|Born||31 August 1943|
|Coherentism, a priori justification|
Laurence BonJour (born August 31, 1943) is an American philosopher and Emeritus of Philosophy at the University of Washington.
He received his bachelor's degrees in Philosophy and Political Science from Macalester College and his doctorate in 1969 from Princeton University with a dissertation directed by Richard Rorty. Before moving to UW he taught at the University of Texas at Austin.
BonJour specializes in epistemology, Kant, and British empiricism, but is best-known for his contributions to epistemology. Initially defending coherentism in his anti-foundationalist critique The Structure of Empirical Knowledge (1985), BonJour subsequently moved to defend Cartesian foundationalism in later work such as 1998's In Defense of Pure Reason. The latter book is a sustained defense of a priori justification, strongly criticizing empiricists and pragmatists who dismiss it (such as W. V. O. Quine and Richard Rorty).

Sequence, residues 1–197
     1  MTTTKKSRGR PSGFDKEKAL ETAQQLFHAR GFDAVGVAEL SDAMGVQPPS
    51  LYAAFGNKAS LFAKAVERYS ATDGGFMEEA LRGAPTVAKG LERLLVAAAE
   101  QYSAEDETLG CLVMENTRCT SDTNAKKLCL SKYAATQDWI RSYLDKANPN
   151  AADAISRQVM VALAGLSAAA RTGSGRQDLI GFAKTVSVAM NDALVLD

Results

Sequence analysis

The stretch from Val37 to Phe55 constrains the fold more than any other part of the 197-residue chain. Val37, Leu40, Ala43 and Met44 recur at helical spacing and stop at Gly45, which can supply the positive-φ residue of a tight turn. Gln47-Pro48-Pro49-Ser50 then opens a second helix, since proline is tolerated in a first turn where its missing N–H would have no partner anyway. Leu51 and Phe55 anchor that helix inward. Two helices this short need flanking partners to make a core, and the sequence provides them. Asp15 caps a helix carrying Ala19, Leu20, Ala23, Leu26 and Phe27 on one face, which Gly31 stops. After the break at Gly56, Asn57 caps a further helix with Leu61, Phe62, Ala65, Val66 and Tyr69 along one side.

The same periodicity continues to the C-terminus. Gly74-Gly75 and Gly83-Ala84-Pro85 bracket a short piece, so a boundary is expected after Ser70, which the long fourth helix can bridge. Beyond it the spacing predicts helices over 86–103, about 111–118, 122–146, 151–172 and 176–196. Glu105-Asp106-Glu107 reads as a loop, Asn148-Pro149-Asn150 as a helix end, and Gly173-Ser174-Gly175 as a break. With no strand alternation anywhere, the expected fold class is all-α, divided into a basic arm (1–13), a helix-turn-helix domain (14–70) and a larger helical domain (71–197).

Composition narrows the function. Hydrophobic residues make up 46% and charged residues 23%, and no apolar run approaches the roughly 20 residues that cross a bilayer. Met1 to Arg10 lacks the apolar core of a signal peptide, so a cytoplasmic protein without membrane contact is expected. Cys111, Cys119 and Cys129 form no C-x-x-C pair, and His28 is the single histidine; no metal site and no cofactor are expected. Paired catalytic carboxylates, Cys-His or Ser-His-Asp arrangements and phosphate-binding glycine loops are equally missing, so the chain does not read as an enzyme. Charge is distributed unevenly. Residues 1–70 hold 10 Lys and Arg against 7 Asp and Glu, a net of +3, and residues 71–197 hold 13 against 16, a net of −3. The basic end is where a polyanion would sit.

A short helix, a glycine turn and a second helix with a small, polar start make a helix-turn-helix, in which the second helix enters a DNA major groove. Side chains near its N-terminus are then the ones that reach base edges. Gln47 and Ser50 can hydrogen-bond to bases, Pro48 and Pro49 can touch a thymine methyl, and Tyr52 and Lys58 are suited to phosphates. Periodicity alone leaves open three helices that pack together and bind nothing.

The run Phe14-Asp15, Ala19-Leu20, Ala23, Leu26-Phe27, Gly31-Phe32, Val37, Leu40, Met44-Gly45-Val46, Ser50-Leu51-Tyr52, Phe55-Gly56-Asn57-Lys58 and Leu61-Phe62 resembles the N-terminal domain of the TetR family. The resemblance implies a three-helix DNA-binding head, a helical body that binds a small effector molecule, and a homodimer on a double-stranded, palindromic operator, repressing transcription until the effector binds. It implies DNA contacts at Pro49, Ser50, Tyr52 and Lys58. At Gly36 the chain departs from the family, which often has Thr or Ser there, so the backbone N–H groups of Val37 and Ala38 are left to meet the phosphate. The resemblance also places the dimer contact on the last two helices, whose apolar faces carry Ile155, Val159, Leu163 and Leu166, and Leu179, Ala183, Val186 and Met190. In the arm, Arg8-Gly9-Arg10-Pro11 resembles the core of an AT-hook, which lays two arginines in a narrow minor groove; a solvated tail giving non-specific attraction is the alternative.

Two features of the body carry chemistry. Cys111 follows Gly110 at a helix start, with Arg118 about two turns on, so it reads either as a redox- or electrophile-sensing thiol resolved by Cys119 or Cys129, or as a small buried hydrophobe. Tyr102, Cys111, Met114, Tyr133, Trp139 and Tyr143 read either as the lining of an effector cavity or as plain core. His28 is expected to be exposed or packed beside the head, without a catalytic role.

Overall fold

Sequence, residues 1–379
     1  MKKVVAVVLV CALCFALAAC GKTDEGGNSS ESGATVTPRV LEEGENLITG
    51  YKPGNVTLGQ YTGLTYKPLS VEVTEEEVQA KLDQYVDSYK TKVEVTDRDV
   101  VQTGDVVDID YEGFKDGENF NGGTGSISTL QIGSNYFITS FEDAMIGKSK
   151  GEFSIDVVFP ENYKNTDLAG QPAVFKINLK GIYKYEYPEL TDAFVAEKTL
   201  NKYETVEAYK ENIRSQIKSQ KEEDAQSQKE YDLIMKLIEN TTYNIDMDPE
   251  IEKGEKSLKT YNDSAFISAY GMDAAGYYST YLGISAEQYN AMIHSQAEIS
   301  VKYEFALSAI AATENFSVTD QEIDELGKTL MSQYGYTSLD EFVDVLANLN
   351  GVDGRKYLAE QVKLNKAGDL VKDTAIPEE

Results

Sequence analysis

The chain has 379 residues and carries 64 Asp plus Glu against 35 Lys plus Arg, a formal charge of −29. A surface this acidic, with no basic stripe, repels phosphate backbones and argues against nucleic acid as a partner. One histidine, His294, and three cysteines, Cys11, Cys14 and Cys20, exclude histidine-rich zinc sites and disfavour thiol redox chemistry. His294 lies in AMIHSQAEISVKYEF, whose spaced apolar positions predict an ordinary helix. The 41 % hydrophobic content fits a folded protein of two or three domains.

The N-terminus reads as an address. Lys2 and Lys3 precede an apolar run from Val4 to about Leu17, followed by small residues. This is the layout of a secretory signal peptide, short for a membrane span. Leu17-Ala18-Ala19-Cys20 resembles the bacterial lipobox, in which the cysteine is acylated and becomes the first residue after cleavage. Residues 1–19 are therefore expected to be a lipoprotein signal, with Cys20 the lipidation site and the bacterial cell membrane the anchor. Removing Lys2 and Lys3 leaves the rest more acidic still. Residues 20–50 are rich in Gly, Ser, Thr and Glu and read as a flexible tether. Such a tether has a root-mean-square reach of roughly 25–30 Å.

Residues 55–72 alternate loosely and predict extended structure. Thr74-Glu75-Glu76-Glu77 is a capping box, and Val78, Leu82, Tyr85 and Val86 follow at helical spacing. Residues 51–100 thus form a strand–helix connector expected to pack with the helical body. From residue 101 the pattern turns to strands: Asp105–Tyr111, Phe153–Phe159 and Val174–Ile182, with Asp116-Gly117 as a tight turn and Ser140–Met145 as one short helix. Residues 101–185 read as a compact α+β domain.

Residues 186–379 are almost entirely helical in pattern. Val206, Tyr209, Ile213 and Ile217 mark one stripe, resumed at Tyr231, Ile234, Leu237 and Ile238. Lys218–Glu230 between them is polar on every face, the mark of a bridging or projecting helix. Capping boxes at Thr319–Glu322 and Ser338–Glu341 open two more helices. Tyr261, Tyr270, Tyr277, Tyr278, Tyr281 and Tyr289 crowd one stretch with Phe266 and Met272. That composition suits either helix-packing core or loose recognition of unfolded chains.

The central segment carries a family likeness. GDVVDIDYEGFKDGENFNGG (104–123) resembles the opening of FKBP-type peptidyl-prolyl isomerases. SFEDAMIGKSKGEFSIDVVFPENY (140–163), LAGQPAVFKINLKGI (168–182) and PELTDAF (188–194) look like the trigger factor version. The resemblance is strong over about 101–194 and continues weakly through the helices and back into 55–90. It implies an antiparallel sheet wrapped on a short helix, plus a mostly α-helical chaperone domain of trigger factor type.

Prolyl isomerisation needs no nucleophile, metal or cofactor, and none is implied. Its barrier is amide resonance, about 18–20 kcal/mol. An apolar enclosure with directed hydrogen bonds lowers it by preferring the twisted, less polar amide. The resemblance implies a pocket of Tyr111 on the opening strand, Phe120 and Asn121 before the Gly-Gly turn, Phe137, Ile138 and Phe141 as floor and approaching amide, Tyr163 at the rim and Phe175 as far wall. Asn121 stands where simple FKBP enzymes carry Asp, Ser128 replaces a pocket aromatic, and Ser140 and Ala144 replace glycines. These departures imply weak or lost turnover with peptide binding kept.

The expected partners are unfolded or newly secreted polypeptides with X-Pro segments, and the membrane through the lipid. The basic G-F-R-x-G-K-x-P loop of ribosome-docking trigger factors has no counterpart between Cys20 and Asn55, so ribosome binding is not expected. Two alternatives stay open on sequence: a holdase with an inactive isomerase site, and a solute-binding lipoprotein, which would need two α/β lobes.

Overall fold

In 1980, Bonjour criticized the reliabilism of Armstrong and Goldman, proposing internalist approach to epistemic truth and knowledge justification. He formulated the examples of a clairvoyant and her reliable forecasts about the presence of the U.S. president in New York City. Some years later, in his essay Externalist theories of empirical knowledge Bonjour extended his internalist criticism against the foundationalist theory, saying it was unable to provide enough reasons for justification and to solve the regress problem.
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